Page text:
"Small businesses and financial entities at the grassroot level are bearing the biggest brunt of the second wave of infections," Das said, as he announced several measures to enhance liquidity and boost lending to various needy sectors.
The moratoriums will be applicable to borrowers with a maximum total exposure of 250 million rupees ($3.39 million), Das said.
"About 90% of the total borrowers fall under this limit so the restructuring can provide benefits to a large number of borrowers. We think these measures are enough for now," said Sunil Mehta, chief executive officer of Indian Banks' Association.
During the last financial year, the RBI had introduced a one-time restructuring plan for small borrowers and companies that allowed banks to extend repayment periods for up to two years.
Around 800,000 borrowers with total loans worth 1.2 trillion rupees enlisted in that scheme. This translated to less than 5% of the total industry wide loan book, Mehta added.
INFLATION CONCERNS REMAIN
Many businesses in India were still inching back to normalcy after a nationwide lockdown last year when the second surge of COVID-19 hit. As infections soar and more states impose restrictions on activity, some analysts have been downgrading their economic growth forecasts.
Das, however, said the hit to demand is expected to be moderate in comparison to a year ago as reports show that the disruption to manufacturing so far is minimal while consumption is holding up.
He also said he doesn't expect any significant change to the RBI's economic forecasts made in April, when it projected 2021/22 GDP would grow by 10.5%.
On inflation, however, Das sounded a cautious tone.
He said a normal monsoon will help sustain rural demand and overall output and ease food price pressures, but also noted that a build-up in input costs across sectors, driven in part by elevated global commodity prices, remains a concern.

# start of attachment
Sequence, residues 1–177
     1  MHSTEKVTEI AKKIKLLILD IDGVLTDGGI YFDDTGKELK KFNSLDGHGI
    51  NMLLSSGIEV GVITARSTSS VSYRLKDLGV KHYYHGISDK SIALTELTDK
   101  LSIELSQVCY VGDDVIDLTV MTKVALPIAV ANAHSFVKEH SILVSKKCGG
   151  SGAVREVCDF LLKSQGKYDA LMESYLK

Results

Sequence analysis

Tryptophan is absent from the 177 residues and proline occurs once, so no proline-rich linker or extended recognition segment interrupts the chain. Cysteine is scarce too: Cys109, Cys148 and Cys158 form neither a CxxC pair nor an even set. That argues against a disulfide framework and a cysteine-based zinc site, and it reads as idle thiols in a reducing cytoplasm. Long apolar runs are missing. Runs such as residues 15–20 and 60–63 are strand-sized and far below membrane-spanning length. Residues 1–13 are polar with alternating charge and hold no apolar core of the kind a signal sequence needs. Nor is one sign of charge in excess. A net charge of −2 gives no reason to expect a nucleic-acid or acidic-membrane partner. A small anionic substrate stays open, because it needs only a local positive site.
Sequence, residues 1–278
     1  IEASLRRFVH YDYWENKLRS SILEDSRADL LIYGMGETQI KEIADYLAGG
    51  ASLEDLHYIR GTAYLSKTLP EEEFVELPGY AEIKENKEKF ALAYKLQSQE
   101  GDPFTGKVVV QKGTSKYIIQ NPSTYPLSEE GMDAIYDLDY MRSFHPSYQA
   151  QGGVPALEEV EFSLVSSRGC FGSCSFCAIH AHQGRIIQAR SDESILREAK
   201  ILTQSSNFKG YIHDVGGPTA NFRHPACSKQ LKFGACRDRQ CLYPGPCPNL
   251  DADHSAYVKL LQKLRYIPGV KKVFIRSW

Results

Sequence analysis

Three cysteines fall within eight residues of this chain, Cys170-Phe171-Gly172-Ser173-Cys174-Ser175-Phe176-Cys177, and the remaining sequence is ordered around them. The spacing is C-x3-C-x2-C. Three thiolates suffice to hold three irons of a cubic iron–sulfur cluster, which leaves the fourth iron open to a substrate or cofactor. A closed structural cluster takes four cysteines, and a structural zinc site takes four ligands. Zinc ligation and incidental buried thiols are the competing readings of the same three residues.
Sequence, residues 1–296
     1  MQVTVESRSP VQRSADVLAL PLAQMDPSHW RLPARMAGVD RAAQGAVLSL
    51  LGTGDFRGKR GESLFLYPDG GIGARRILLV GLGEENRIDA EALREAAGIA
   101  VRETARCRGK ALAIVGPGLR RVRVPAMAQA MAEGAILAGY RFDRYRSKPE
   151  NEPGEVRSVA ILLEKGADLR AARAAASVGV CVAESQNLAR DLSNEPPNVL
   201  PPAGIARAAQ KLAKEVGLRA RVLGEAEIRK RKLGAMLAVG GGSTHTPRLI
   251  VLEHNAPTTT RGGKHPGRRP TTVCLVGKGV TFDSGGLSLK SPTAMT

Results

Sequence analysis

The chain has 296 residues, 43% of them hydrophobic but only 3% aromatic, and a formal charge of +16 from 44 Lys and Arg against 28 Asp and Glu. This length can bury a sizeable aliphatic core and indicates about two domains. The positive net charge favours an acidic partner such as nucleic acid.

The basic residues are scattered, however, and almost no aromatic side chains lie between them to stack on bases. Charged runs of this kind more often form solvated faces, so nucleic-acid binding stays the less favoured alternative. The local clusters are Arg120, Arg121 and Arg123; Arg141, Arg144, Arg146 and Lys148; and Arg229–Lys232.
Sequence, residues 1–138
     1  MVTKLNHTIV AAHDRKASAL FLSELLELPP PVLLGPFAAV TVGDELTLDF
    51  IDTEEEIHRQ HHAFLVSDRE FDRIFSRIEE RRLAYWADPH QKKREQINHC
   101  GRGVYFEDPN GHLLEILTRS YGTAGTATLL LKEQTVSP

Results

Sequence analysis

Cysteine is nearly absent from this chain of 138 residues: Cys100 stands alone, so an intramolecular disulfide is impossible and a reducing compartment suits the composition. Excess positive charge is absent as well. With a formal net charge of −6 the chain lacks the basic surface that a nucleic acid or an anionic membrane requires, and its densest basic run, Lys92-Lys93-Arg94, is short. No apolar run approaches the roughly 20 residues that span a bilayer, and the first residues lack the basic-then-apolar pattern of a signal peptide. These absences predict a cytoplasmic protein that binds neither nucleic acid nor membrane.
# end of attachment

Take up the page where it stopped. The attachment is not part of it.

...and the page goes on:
A continued pick-up in inflation could potentially push RBI towards raising interest rates as it is mandated by law to keep retail inflation within a 2-6% band.
The RBI also announced a special on-tap liquidity window of up to 500 billion rupees for banks to lend to the health care sector with tenors up to three years at the repo rate. It will be available until March 31, 2022.
The central bank said banks will need to maintain a COVID loan book under the scheme and will also get a 40 basis point higher return over the reverse repo rate on surplus funds parked with the RBI, to the extent of disbursed loans.
"RBI has come out with suitable measures and has also assured the market that they are going to be proactive so that has helped," said Mehta.
Among other steps, the RBI announced a special 3-year long-term repo operation of 100 billion rupees for small finance banks (SFB), saying their lending to microfinance institutions can be classified as a priority sector. It also allowed banks to maintain lower reserves for advances made to small borrowers.
The RBI also relaxed overdraft guidelines for state governments and said banks can utilise their countercyclical provisioning buffers held by them as of Dec. 31, 2020 to make provisions for non-performing assets with prior board approval.
($1 = 73.8 Indian rupees)
(Additional reporting by Abhirup Roy; Editing by Jacqueline Wong and Kim Coghill) ((firstname.lastname@example.org; + 91 22 6180 7067; Reuters Messaging: email@example.com))